SWINDON will be the first town in Britain to adopt completely electronic ballot papers, so people can cast their votes from any polling station in town.

Every Swindon voter will be sent a letter in the next few days explaining how the voting system will be changing for the council elections on May 3.

People turning up at Swindon polling stations will be able to put their cross on a computer screen, rather than a ballot paper.

Voters won't be restricted to polling stations near their home, but will be able to have their say at any one of the town's 65 stations.

Deputy returning officer Alan Winchcombe said: "On polling day you'll be able to go to any polling station you choose.

"You won't be restricted to a particular one.

"You can go to one near your home, or near your work or while you are out shopping or wherever.

"The idea is to make it easier and more convenient for the voters.

"It makes counting votes very, very easy as we won't have lots of pieces of paper to count.

"Other places have used the same technology, but we are the first to use it to this extent and go totally electronic.

"You will just use a simple computer programme to cast your vote and there will be staff on hand to help."

People are also being encouraged to try out internet or telephone voting as new personalised passwords have been introduced to improve security.

"This is the fourth time we have had internet voting in Swindon," said Mr Winchcombe.

"From our research no-one has come across any problems with people having their votes stolen, but this is to make security even more tight.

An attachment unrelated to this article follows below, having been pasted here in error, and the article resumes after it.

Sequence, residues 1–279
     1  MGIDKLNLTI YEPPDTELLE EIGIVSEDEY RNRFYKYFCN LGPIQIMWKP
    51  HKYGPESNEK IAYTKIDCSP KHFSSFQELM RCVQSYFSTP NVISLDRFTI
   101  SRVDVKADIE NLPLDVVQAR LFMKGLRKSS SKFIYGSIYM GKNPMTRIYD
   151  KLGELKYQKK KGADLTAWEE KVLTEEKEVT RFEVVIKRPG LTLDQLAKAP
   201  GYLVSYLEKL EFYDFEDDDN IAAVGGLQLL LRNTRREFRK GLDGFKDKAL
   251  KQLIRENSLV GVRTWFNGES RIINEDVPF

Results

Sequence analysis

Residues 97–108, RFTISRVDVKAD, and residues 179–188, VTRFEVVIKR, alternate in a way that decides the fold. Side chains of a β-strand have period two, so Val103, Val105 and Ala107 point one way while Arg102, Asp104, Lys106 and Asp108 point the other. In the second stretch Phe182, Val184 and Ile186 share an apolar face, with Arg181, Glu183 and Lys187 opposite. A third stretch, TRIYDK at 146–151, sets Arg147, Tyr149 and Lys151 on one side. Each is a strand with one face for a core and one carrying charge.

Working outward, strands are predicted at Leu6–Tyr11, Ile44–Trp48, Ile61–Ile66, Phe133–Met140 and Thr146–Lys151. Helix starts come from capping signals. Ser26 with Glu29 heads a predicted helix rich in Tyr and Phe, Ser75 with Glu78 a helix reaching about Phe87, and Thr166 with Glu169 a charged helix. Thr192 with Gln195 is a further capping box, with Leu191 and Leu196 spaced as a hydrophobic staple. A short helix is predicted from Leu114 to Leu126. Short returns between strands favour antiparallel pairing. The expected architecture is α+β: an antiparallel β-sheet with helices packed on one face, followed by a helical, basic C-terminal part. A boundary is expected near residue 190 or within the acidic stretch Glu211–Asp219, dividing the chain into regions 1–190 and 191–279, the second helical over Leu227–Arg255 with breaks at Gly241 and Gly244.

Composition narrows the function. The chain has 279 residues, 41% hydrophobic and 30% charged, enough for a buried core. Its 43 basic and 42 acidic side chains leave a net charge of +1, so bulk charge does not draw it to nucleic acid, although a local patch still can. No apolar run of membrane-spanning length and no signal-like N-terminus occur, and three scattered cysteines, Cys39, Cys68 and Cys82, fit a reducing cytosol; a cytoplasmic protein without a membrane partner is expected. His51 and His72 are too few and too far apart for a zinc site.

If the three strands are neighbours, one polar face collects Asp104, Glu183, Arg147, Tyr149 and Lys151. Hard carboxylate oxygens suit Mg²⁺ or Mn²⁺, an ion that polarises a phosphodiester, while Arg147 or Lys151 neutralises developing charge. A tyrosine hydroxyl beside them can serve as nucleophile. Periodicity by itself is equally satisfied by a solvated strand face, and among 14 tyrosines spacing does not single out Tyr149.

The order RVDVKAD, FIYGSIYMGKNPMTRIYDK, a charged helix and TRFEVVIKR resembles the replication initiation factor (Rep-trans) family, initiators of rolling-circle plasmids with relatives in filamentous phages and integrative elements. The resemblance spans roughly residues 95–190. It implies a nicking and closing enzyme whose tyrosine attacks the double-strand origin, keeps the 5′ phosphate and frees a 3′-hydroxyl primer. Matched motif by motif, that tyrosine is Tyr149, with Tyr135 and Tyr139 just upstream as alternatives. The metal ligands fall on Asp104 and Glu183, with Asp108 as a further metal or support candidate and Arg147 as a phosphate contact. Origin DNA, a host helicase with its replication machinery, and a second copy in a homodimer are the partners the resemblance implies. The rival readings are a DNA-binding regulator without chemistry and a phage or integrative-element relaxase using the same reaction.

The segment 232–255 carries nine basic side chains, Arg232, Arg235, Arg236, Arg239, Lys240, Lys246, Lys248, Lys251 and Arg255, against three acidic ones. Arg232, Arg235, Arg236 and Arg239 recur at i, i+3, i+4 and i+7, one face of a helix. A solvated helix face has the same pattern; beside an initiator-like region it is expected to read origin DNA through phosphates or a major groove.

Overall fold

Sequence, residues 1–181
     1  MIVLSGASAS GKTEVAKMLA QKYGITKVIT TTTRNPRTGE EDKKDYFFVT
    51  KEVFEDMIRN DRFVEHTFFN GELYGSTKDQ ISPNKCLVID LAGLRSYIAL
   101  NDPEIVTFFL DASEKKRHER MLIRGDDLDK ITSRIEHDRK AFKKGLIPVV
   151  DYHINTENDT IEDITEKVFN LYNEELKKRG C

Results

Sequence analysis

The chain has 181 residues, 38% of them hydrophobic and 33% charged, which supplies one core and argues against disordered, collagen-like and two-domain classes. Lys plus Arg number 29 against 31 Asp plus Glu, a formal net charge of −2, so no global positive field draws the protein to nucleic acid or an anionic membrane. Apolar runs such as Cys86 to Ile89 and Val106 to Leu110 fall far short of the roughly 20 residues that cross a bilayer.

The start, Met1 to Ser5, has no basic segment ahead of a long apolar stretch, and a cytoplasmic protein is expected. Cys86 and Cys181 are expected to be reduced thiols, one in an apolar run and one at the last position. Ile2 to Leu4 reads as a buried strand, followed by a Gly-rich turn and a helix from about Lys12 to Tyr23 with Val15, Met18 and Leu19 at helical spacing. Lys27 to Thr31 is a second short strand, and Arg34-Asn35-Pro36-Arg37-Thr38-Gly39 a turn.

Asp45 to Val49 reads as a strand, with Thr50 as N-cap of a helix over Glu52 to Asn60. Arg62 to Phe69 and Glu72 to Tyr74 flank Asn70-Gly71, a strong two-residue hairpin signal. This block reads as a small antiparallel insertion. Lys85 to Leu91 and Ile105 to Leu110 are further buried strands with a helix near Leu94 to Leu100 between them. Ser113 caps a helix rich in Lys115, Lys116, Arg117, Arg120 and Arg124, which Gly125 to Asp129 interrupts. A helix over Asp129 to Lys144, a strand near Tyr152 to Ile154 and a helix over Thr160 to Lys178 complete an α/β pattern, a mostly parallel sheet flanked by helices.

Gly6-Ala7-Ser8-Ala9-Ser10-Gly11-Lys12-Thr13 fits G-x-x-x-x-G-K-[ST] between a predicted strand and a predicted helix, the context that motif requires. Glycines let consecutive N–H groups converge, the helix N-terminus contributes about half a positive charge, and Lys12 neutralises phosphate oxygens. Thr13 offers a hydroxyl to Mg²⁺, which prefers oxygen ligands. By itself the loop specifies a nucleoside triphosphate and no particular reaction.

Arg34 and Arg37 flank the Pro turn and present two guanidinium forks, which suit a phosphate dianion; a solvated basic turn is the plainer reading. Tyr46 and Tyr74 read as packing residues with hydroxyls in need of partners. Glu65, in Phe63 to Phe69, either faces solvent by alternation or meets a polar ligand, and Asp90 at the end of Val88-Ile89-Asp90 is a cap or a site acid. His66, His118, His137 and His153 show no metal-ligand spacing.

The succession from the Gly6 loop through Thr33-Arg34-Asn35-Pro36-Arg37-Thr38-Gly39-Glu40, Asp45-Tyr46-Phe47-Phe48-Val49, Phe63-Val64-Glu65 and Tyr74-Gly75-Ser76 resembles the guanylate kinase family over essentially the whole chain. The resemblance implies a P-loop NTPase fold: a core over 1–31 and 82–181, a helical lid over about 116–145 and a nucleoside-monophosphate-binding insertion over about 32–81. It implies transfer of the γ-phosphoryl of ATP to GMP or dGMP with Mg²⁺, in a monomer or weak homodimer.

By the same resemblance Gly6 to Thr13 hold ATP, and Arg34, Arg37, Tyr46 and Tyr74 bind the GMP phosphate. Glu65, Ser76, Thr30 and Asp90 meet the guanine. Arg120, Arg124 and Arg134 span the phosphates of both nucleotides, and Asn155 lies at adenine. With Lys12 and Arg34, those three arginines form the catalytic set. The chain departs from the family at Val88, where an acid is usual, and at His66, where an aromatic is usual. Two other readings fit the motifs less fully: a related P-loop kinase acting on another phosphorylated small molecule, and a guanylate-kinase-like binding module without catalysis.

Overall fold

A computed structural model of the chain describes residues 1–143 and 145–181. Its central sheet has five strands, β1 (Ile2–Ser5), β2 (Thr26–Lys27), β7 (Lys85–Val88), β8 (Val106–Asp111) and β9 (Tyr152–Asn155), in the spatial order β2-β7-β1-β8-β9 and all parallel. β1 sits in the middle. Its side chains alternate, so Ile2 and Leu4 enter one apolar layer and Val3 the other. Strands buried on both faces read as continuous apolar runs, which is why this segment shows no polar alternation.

"If you are going on holiday you don't have to have a postal vote.

"You may be in the south of France or the Scottish Highlands but you can vote as long as you have got your password.

"Everyone chooses their own password and you need to keep that secure and not forget it to be able to vote."

To register to vote on the internet or by telephone visit www.myelection.co.uk/swindon.

Anyone wanting to vote early will also be able to put their X on the computer screen at the town's libraries from April 26.

People concerned about using the new technology can still vote the old-fashioned way, with a pencil and paper, at their registered polling station on May 3.

A leaflet detailing all the different ways you can vote should be delivered to everyone on the electoral register by Thursday.

If you do not receive the leaflet, or for more information on ways to vote, telephone the elections helpline on 01793 463543.